State College

Growth plan for Toftrees would put 2,600 residences, commercial space along Interstate 99

An updated growth plan for Toftrees calls for construction of thousands of residences and a town square commercial district on a sprawling, now largely wooded tract of land north of Interstate 99 near Waddle Road.

Developers have submitted an updated Toftrees master plan to Patton Township officials, offering a glimpse of what the future might hold for the planned community.

The plan shows developers want to build 2,600 residences, from single-family homes to apartment complexes, and 541,240 square feet of commercial space in a town center, including room for hotels, restaurants and retailers.

Patton Township officials said the master plan spells out which areas would someday be neighborhoods, and which would be a hotel. It’s just the first step in what could be a decades-long development project.

A spokesperson with developer S&A Homes in State College did not return messages seeking comment.

The plan identifies the new developments as the west side of the Toftrees community. The complex would feature more residential units and considerably more commercial space than the largely developed east side.

The east side includes the Village at Penn State, Cricklewood, Fox Run Windridge, Hillside, Turtle Creek, Parkgate, Squirrel Run, Fox Hollow and Coopers Pond neighborhoods.

New developments on the west side will be built across 707 acres of land north of I-99, west of the Waddle Road interchange and the Toftrees Golf Resort and east of Cedar Cliff residential development.

“The current development intent is to develop neighborhoods that will blend the right mixture of family residences with the support of a town center,” S&A officials wrote in the master plan.

About 30 percent of the land will remain open space, and the plans call for a series of internal walking trails that link the individual neighborhoods as well as open spaces and the town center, according to the plan.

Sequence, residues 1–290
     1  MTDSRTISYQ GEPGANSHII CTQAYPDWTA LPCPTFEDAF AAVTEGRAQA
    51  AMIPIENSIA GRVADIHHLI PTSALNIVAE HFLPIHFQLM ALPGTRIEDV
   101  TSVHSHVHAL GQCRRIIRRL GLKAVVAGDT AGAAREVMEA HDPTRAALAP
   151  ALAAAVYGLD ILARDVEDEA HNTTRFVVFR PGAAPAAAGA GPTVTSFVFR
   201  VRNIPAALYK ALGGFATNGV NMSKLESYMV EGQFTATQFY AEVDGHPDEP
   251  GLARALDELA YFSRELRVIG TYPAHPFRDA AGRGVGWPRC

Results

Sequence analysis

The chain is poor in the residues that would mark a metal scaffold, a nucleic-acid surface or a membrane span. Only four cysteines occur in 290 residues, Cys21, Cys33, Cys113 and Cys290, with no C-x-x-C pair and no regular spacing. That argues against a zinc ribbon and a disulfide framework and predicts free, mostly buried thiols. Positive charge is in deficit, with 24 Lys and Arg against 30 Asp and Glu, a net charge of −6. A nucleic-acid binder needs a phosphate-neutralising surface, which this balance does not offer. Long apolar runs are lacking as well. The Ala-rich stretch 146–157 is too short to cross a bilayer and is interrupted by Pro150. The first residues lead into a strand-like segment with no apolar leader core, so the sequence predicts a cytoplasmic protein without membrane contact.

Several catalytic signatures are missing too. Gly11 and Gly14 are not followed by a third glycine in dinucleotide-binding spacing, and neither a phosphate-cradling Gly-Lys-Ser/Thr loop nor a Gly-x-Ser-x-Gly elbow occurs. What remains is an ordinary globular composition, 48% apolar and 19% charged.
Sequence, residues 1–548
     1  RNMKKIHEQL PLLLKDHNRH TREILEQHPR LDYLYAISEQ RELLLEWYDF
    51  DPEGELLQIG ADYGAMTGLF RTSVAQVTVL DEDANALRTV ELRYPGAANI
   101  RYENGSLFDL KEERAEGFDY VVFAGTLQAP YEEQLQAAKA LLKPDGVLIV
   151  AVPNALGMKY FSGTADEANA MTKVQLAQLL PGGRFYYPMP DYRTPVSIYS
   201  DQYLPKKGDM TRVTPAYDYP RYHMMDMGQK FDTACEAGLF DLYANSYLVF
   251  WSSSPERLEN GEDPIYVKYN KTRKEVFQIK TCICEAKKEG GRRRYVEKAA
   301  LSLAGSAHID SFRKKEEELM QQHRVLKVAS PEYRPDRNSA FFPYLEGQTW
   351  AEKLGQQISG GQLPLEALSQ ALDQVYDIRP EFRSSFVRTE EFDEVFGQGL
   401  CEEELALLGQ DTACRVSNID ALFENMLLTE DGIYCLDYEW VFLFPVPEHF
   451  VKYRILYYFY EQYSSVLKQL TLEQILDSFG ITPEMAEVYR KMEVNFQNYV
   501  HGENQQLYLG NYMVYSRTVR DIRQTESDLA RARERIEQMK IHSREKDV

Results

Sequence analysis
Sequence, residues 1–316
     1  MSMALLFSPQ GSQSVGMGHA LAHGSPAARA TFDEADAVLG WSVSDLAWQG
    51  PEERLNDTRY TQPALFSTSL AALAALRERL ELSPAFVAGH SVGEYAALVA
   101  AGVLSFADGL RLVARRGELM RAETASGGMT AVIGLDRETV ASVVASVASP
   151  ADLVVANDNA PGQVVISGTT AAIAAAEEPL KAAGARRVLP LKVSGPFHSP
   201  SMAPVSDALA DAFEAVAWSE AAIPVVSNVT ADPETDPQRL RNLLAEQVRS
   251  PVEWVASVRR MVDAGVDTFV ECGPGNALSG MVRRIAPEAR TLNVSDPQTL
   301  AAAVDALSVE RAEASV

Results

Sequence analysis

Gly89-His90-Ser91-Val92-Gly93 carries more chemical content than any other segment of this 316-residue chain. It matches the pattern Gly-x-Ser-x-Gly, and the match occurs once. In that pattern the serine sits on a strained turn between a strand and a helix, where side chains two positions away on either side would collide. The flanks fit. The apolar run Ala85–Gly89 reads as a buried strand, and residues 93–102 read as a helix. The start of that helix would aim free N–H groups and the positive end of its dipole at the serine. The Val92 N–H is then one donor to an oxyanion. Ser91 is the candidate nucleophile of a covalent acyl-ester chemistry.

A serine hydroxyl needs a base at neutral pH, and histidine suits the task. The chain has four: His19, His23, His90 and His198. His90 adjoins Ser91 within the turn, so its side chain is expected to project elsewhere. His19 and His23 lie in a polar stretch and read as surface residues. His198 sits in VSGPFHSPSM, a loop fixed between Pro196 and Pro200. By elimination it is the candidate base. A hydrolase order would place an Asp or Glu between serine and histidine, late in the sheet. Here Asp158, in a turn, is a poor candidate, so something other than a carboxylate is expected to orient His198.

The Bellefonte Central Rail Trail, which runs through the tract, will also be preserved, according to the developer’s plans.

Doug Erickson, Patton Township manager, said staff will review the master plan, identify any issues and send it back to the developers. If there are no issues, the plan could go before the township planning commission in March and the supervisors sometime after that for possible approval.

Individual parts of the development, such as neighborhoods, an apartment complex or commercial buildings, would need a land-development approval before construction could begin. It will likely be decades, he said, before all the proposed projects are approved and completed.

“Toftrees has been under development for 40 years now,” Erickson said. “I suspect it will be another 40 years before Toftrees is (finished).”

Work approved to start sooner than that might be held up by the ongoing Waddle Road interchange project. Congestion on the bridge pushes the structure to its traffic capacity now, and that must be addressed before the area can continue growing, officials said.

The Waddle Road project already has $3 million in funding, borrowed by the township, to begin preliminary engineering and make the project what officials call “shovel ready,” should more funding become available

Construction is estimated at $11 million for the project.

Erickson said officials are hopeful funding will be provided by the state or federal highway administrations.

“(Development) really can’t move without (the project),” he said. “The area can never develop unless we get increased capacity.”